In The Water is the song that hit me hard. “Not black enough for the Ricans, I’m black enough for the blacks.” While I do not understand what it’s like to be “half” of anything other than just black, it made me cry tears of joy hearing that she does not need to go the same route as black people not accepting her while anti-black non-blacks get passes to do the same thing. As if there is not history of black people accepting one another when non-black people excluded black people from their own spaces. As if there isn’t reason why some black people may distrust other black people who are half of an ethnicity or race that may be anti-black. She then talks about her not being straight and how she is attracted to women, and as a bisexual woman, I wanted to cry. We live in a era where more femme black women are coming out and saying, “I like men and women too.” That warms my spirit.

  Nitty Scott drops all the ideas of what it means to be black, mixed, and Afro-Latina, and it shows in songs like “In The Water” and “For Sarah Baartman.” Sarah Baartman is a love letter to the legacy of a woman who was stripped from her homeland and brought to the states to be put on a circus display for her large buttocks. Nitty speaks of fetishism and the views of black women and their bodies. It’s a poem. She asks, “If you, you found me slain, would you still say my name? See I know about the black man, and what he been through. What if I sung about the woman that he brought it home too?” Yes, Nitty. I too have asked that on countless occasions, even just the other day when I revisited some of NWA’s songs that talked about being a nigga but with only the views as a black man. Nitty asks a question plenty of feminists and womanists of the black community have asked for years: Do our black lives matter? Do our black BODIES matter, or is it just for your consumption? I felt it in my soul when she said, “I be crying for my brothers, but I cry for me too.” Plenty of us have been there where we’ve cried for our brothers and fathers for far too long, we have forgotten to humanize and cry for our selves.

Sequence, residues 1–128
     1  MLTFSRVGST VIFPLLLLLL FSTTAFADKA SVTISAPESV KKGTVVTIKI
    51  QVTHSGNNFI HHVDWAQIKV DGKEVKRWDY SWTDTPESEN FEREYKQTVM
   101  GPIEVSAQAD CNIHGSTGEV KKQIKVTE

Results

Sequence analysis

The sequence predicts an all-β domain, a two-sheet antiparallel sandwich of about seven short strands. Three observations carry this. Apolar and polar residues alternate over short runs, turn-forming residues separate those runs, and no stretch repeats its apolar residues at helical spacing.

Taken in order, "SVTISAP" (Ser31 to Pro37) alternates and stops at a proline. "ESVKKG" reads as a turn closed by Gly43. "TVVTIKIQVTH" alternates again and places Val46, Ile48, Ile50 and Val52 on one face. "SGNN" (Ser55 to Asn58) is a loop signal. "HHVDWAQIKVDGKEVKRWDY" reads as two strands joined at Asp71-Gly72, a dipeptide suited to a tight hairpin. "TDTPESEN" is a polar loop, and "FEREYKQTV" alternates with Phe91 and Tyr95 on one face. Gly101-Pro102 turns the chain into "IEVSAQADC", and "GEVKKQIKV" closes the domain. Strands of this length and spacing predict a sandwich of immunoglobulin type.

“I’m pretty blended, but don’t call me exotico/As if I was half-black…and half-beautiful.” Once again, Nitty let’s people know that her being mixed does not make her beauty or strength. I’m sure so many of us have heard the stories of how so many successful girls in hip-hop or in general are only there because of their being mixed race or not being like “regular” black girls. She let’s us know that while her being mixed makes her and it is indeed a beautiful mix, mixed and black girls are not beautiful for being “half non-black.” Black is just as beautiful as her non-black side. We’ve been fed this image that while someone is half-black, their non-black side is the “beautiful” half. “Being black and [insert non-black race] is such a beautiful mix!” But have we heard we’re beautiful just for being black? Are we called beautiful for being half black, or are we called beautiful for being half not?